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Tennis Players Wearing Masks


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Tennis Elbow, Golfer's Elbow

Tennis elbow (lateral epicondylitis) and golfer's elbow (medial epicondylitis) are conditions where the tendons are overused due to repetitive motions on the arm or the wrist. Despite the names, it is not just athletes who develop elbow pains; anyone whose work includes repetitive motions, such as dentists, carpenters, chefs, are at risk for these conditions. Due to the repeated stress, the tendons may develop small tears in the tendon. For tennis elbow, the pain can be felt on the forearm; whereas for golfer's elbow, the pain is more prominent on the inside of the elbow radiating down the arm.

Both lateral and medial epicondylitis can cause pain on everyday movements (i.e. opening doors, driving, holding a cup of coffee), and the pain can be very constant. Not only is the elbow painful, but the range of motion will be limited on the arm and the wrist. Sometimes there can also be stiffness or a tingling sensation, especially when making a fist with the hand.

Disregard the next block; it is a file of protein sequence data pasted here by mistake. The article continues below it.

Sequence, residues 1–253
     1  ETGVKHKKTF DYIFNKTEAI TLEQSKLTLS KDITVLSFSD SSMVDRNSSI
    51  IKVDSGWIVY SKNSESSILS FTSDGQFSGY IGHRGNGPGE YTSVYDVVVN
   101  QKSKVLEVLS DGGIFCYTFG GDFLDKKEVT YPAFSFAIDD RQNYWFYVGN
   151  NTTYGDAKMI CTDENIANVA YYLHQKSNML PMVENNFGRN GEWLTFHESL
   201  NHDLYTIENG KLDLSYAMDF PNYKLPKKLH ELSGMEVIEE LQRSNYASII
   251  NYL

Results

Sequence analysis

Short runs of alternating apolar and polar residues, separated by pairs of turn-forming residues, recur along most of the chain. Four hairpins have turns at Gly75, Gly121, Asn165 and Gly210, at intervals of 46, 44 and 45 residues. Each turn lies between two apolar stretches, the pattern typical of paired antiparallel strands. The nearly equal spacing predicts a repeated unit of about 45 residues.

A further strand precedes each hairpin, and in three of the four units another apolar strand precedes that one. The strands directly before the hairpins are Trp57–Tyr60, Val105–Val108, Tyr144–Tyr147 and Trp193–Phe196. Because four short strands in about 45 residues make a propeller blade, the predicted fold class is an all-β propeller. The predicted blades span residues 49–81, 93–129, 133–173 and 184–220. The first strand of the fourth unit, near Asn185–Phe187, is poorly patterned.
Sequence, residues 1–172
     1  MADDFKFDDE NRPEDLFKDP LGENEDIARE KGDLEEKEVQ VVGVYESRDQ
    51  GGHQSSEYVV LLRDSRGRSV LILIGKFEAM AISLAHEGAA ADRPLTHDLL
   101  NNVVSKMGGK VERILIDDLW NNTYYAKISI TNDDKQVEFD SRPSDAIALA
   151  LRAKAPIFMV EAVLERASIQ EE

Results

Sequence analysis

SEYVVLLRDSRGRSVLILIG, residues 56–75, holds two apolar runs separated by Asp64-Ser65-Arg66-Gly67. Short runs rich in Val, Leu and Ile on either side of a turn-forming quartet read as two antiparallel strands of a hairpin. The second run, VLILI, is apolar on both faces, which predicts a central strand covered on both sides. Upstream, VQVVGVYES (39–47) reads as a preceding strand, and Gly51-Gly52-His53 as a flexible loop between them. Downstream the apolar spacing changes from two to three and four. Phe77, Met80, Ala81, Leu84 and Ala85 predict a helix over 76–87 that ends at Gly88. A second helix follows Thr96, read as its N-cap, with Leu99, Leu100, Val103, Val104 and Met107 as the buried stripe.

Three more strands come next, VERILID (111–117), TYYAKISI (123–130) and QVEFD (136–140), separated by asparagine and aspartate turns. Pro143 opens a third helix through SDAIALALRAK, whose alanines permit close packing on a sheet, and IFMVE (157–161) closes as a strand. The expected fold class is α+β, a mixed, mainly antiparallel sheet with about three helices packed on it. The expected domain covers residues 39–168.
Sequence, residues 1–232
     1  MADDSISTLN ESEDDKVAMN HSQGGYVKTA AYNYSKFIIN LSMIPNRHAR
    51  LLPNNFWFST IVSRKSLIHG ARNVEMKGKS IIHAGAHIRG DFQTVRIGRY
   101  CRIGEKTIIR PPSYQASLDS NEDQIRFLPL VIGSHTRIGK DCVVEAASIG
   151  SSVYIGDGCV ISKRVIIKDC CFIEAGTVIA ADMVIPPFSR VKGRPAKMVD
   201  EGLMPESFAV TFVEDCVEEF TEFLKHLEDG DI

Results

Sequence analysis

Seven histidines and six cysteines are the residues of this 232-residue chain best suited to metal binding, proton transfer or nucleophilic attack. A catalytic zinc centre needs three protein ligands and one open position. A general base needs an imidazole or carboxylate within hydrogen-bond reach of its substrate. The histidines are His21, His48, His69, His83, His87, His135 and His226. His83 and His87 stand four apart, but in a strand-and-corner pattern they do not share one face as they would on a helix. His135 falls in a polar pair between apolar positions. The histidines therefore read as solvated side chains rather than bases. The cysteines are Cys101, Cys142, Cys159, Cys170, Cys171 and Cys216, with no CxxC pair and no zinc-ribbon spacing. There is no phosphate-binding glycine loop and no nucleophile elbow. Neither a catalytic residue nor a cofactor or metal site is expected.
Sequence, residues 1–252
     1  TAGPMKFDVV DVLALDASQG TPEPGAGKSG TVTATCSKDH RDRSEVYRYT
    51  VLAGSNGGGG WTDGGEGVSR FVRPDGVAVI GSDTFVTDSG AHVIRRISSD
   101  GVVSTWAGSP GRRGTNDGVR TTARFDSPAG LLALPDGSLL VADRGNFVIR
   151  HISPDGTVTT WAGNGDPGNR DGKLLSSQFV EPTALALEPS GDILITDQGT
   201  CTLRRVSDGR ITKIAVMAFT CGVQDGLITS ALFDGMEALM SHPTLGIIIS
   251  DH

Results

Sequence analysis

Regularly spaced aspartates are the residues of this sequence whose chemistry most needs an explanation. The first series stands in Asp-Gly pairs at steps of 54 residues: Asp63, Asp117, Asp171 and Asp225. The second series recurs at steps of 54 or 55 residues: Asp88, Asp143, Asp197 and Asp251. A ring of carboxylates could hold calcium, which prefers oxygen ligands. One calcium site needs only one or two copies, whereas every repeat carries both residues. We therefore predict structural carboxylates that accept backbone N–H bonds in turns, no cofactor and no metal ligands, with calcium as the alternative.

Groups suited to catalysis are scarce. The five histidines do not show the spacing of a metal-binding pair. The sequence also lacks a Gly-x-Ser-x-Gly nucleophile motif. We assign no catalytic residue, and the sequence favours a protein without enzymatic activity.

When diagnosed with either a tennis elbow or a golfer's elbow, it is important to rest the injured arm. The condition can be severely aggravated by pushing through the pain of the daily repetitive movements. Bracing will help to reduce the stress on the affected tendons. Combined with physical therapy, it can reduce the inflammation and swelling in the tendons. Guided rehabilitation exercises that gently stretch and gradually strengthen the muscles will lead the way to a full recovery.

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